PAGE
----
Archive for August 30, 2013

The Two Cultures of Educational Reform – NYTimes.com

(Shoot — I meant to put this on “draft” and come back to it, but hit the wrong button. Sigh.)

Here’s what I thought was interesting about this piece: I agree with Fish’s depiction of “data and experiment culture” about education, and the “ineffable culture,” too.  But his alignment of MOOCs with “data and experiment culture” of MOOCs seems wrong.  Our data about MOOCs says that they’re not working. So, belief in MOOCs is “ineffable.”  It’s about having warm feelings for technology and the hopes for its role in education.

About halfway through his magisterial study “Higher Education in America,” Derek Bok, twice president of Harvard, identifies what he calls the “two different cultures” of educational reform. The first “is an evidence-based approach to education … rooted in the belief that one can best advance teaching and learning by measuring student progress and testing experimental efforts to increase it.” The second “rests on a conviction that effective teaching is an art which one can improve over time through personal experience and intuition without any need for data-driven reforms imposed from above.”

Bok is obviously a member of the data and experiment culture, which makes him cautiously sympathetic to developments in online teaching, including the recent explosion of MOOCs (massive open online courses). But at the same time, he is acutely aware of the limits of what can be tested, measured and assessed, and at crucial moments in his analysis that awareness pushes him in the direction of the other, “ineffable” culture.

via The Two Cultures of Educational Reform – NYTimes.com.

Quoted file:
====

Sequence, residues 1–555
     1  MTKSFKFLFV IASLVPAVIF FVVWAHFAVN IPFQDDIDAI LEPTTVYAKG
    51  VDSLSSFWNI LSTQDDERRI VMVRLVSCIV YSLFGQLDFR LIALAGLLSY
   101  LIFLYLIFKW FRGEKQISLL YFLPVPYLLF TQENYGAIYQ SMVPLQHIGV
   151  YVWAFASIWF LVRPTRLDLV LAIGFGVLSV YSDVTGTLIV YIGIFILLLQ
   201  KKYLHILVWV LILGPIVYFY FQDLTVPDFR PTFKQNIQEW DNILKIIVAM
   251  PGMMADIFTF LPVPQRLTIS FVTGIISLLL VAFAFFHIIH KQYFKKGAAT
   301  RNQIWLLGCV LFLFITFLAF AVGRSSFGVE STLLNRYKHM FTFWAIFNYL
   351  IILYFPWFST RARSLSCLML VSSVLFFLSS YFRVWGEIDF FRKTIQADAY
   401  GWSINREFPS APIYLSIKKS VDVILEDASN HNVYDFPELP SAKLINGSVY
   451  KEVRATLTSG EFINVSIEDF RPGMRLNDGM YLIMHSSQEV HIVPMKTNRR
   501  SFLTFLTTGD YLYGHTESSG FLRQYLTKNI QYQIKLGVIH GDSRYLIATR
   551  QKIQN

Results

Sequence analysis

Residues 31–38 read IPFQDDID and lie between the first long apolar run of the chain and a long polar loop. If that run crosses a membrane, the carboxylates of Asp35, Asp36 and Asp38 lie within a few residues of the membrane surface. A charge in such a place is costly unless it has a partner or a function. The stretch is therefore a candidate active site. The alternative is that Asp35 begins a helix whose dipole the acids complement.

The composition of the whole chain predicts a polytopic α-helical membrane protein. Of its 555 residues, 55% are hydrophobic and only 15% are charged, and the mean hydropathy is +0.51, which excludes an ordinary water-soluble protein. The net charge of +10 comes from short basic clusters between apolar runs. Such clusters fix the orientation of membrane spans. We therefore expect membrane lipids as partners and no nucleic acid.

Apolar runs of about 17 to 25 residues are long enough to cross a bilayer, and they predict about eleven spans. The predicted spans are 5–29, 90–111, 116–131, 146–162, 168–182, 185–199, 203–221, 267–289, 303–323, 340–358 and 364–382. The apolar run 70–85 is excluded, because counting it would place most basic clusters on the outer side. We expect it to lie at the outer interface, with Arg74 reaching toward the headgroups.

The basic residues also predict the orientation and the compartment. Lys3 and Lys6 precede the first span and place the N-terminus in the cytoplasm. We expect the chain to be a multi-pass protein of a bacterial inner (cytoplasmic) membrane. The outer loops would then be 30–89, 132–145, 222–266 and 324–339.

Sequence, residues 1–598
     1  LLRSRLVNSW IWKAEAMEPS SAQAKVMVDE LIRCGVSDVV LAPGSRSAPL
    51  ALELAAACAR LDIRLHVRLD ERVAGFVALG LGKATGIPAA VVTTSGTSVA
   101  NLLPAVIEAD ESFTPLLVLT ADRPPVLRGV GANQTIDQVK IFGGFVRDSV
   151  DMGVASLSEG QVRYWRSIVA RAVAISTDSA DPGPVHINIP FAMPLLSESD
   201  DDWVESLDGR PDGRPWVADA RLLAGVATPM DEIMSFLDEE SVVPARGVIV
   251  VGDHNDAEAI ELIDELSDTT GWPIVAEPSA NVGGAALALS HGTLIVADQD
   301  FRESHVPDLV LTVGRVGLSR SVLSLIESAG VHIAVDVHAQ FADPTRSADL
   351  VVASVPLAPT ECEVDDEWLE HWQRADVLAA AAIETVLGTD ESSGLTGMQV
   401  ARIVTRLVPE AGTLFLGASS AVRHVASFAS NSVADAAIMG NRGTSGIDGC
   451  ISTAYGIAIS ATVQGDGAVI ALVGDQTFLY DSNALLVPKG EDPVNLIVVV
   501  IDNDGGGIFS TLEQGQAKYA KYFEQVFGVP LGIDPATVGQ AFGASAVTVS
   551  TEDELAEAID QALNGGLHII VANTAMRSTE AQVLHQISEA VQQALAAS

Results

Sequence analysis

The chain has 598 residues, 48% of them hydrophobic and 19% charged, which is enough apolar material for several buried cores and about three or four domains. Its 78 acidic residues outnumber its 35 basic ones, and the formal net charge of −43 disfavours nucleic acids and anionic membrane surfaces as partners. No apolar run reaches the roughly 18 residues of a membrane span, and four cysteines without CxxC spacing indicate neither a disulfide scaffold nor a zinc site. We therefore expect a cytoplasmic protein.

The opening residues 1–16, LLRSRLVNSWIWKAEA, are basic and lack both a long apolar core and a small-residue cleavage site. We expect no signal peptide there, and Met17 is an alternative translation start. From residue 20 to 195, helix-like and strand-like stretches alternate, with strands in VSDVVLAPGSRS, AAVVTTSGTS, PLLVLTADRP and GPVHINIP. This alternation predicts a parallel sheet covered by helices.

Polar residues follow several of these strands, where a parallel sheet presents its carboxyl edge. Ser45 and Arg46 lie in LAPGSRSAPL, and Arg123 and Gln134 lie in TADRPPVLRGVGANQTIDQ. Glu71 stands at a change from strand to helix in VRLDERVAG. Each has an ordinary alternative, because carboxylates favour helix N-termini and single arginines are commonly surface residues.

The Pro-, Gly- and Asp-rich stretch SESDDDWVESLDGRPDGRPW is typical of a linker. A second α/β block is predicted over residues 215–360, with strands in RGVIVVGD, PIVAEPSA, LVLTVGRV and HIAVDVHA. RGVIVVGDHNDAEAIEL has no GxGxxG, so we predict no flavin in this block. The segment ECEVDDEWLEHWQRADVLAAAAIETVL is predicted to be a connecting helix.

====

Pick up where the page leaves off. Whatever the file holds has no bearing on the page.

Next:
August 30, 2013 at 10:44 am 3 comments

Defining an alternative to MOOCs with a better chance of engaging women

NYTimes just had a nice article about the Georgia Tech online Masters degree program based in MOOCs.  I’m glad that the OMS (Online MS) group is getting that kind of attention.

For my research interests, I’m more excited about the alternative to MOOCs described below.  I am not well-versed in feminist perspectives, but I appreciate the values that are informing Anne Balsamo’s design and do see that this approach has a greater chance of drawing in women (based on research like Joanne Cohoon’s) than traditional MOOCs.

At participating colleges, professors will base their own courses on each weekly theme, sharing course materials and assignments, but customizing them for their own students. The courses will vary, as some are undergraduate and some are graduate, and the institutions see list at right vary widely by mission and geography — including institutions in Australia, Britain, Canada and the United States. The class sizes will be between 15 and 30 students each, decidedly non-massive. “There is another pedagogical commitment here,” Balsamo said. “Who you learn with is as important as what you learn. Learning is a relationship, not just something that can be measured by outcomes or formal metrics.”

via Feminist professors create an alternative to MOOCs | Inside Higher Ed.

August 30, 2013 at 1:37 am Leave a comment


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